Part 4: The 2010 Wilson Research Group Functional Verification Study
Effort Spent On Verification
This blog is a continuation of a series of blogs, which present the highlights from the 2010 Wilson Research Group Functional Verification Study (click here). In my previous blog (click here), I focused on design and verification reuse trends. In this blog, I focus on the controversial topic of amount of effort spent in verification.
I have been on the technical program committee for many conferences over the past few years (DVCon, DAC, DATE, FDL, HLDVT, MTV . . .), and it seems that there was not a single verification paper that I reviewed that didn’t start with the phrase: “Seventy percent of a project’s effort is spent in verification…blah blah blah.” Yet I’ve always wondered, where did this number come from? There has never been a reliable reference to the origin of this number, and certainly no credible studies that I am aware of.
I don’t believe that there is a simple answer to the question, “how much effort was spent on verification in your last project.” In fact, I believe that it is necessary to look at multiple data points, derived from multiple questions, to truly get a sense of effort spent in verification.
Total Project Time Spent In Verification
To try to assess the effort spent in verification, let’s begin by looking at one data point, which is the total project time spent in verification. Figure 1 shows the trends in total project time spent in verification by comparing the 2007 Far West Research study (in blue) with the 2010 Wilson Research Group study (in green).
Figure 1. Percentage of total project time spent in verification
Notice that in 2007, the median total project time spent in verification was calculated to be 50 percent, while the number increased to 55 percent in 2010. Our recent study seems to indicate that the time spent in verification is increasing.
Peak Number of Verification Engineers
Next, let’s look at another data point, the peak number of verification engineers on a project. Figure 2 compares the peak number of verification engineers involved on FPGA designs (in grey) and non-FPGA designs (in green) from our recent study.
Figure 2. Peak number of verification engineers
It’s not surprising that projects involving non-FPGA designs tend to have a higher number of peak verification engineers compared with FPGA designs.
Figure 3 shows the trends in peak number of verification engineers for non-FPGA designs by comparing the 2007 Far West Research study (in blue) with the 2010 Wilson Research Group study (in green).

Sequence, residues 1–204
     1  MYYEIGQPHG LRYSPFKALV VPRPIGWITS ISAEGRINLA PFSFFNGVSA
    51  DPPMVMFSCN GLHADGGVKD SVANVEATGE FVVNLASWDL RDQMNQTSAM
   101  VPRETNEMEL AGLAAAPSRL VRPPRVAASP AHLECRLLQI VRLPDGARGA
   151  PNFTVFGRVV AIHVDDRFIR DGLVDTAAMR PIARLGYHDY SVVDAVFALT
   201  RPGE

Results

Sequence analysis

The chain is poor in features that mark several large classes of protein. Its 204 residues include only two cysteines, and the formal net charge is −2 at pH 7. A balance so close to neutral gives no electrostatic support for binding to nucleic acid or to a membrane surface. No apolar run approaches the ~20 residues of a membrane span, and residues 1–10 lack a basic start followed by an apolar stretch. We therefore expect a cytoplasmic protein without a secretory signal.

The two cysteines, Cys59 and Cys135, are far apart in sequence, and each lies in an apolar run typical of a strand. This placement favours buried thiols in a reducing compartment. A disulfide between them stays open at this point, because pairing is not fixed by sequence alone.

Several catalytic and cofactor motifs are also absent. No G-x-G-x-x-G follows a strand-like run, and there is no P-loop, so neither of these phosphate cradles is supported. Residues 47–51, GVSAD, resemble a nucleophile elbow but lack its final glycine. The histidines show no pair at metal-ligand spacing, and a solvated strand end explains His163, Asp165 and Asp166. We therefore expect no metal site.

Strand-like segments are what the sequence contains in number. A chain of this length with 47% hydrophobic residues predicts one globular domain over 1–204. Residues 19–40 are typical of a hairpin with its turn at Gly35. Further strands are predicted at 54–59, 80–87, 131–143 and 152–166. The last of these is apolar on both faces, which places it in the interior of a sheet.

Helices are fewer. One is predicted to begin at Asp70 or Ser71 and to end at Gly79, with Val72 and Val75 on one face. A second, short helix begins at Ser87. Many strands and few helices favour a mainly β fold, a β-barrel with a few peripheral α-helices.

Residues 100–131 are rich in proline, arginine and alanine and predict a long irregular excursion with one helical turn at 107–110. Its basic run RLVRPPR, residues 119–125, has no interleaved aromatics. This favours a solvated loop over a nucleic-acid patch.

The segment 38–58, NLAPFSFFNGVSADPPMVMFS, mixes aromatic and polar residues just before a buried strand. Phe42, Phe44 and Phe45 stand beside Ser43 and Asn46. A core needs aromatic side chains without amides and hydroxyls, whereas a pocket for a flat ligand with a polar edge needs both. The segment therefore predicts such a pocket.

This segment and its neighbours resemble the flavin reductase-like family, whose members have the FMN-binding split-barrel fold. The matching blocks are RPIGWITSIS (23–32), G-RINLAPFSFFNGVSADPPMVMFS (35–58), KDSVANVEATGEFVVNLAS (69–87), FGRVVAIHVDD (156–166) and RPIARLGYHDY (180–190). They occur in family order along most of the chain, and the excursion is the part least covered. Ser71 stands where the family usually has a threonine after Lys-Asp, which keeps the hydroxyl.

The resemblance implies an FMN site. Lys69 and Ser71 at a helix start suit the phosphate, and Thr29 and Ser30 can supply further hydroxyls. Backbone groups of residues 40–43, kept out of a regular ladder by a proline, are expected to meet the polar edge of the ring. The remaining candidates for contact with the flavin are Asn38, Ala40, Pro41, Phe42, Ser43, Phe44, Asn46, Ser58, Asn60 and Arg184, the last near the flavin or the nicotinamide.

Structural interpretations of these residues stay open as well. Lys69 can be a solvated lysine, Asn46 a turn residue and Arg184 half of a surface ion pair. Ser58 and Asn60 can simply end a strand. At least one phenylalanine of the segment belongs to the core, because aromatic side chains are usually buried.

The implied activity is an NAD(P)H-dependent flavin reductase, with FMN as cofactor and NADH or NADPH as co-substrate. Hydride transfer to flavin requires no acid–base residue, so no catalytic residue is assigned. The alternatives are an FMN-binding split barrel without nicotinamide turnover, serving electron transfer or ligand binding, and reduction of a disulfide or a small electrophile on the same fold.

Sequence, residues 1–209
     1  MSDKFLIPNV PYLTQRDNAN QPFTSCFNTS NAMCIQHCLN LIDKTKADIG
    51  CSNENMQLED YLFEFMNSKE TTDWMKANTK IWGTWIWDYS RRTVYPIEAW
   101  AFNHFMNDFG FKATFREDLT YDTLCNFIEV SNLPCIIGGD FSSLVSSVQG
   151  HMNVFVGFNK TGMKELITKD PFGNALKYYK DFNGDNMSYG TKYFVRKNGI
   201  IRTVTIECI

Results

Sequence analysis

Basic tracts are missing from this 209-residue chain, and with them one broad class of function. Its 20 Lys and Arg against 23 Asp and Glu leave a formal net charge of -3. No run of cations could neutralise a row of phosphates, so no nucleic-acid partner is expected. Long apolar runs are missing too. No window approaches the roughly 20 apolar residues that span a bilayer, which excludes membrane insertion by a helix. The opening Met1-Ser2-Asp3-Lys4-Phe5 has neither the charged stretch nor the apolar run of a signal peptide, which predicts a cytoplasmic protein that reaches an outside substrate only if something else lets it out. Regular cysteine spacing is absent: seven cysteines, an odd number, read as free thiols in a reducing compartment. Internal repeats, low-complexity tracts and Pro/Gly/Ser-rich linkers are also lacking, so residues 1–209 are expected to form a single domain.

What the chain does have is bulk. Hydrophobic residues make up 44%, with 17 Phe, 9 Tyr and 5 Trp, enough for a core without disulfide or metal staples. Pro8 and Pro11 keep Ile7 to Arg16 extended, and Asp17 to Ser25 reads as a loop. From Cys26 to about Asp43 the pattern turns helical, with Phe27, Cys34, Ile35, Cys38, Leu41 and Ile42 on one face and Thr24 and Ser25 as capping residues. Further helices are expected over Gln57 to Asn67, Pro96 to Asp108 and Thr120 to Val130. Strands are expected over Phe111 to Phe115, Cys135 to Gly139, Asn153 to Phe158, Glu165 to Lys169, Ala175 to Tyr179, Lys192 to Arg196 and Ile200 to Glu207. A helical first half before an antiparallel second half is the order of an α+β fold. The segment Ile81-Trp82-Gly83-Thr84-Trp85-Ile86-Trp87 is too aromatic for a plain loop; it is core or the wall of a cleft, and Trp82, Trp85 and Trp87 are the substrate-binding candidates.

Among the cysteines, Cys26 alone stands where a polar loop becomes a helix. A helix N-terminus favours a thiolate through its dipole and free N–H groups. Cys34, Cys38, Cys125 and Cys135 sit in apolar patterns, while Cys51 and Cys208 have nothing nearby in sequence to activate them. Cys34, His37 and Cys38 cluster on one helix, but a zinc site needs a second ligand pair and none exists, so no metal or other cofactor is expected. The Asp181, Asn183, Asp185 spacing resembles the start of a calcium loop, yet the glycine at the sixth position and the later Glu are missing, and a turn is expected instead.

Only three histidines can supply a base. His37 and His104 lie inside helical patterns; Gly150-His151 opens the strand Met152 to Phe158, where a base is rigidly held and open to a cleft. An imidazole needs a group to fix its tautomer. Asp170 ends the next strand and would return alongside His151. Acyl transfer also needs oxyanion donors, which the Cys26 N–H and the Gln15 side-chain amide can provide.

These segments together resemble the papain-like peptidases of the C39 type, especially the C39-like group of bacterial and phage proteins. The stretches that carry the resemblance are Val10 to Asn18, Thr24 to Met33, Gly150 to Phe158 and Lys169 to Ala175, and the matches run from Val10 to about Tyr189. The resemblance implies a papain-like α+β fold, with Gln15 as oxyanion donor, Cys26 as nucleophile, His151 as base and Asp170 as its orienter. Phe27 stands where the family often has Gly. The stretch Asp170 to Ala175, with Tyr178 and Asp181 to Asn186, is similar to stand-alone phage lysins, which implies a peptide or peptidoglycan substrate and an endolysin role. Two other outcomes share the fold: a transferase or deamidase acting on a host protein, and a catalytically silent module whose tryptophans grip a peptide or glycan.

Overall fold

Figure 3. Peak number of verification engineer trends
I decided that another interesting way to look at the data is to partition the set regionally, and calculate the median peak number of verification engineers on a project by region. The results are shown in Figure 4, with North America (in blue), Europe/Israel (in green), Asia (in green), and India (in red).
Figure 4. Peak number of verification engineer by region
Noticed how, on average, India seems to have more peak engineers involved on a project. India certainly has developed a core set of expertise in verification over the past few year’s.
The next analysis I decided to perform was to partition the data by design size, and then compare the median peak number of verification engineers. Figure 5 shows the results, where the design size partitions are represented as: less than 1M gates (in blue), 1M to 20M gates (in orange), and greater than 20M gates (in red).
Figure 5. Peak number of verification engineer by design size
Although I am focusing on effort spent in verification at the moment, let’s take a look at the peak number of design engineers involved on a project today. Figure 6 compares the peak number of design engineers involved on FPGA designs (in grey) and non-FPGA designs (in green).
Figure 6. Peak number of design engineers
Next, in Figure 7 I show the trends in peak number of design engineers for non-FPGA designs by comparing the 2007 Far West Research study (in blue) with the 2010 Wilson Research Group study (in green).
Figure 7. Peak number of design engineer trends
You might note that there has not been a significant increase in design engineers in the past three years, although design sizes have increased. This is partially due to increased adoption of internal and external IP (as I discussed in my previous blog), as well as continued productivity improvements due to automation.
After I saw this data, I thought it would be interesting to compare the median increase in verification engineers to the median increase in design engineers from 2007 to 2010. The results were shocking, as shown in Figure 8, where we see a four percent increase in peak number of design engineers in the last three years compared to a 58 percent increase in peak number of verification engineers. Clearly, verification productivity improvements are needed in the industry to address this problem.
Figure 8. Peak number of design vs. verification engineer trends
In my next blog (click here), I’ll continue the discussion on effort spent in verification as revealed by the 2010 Wilson Research Group Functional Verification Study.
Posted April 3rd, 2011, by Harry Foster
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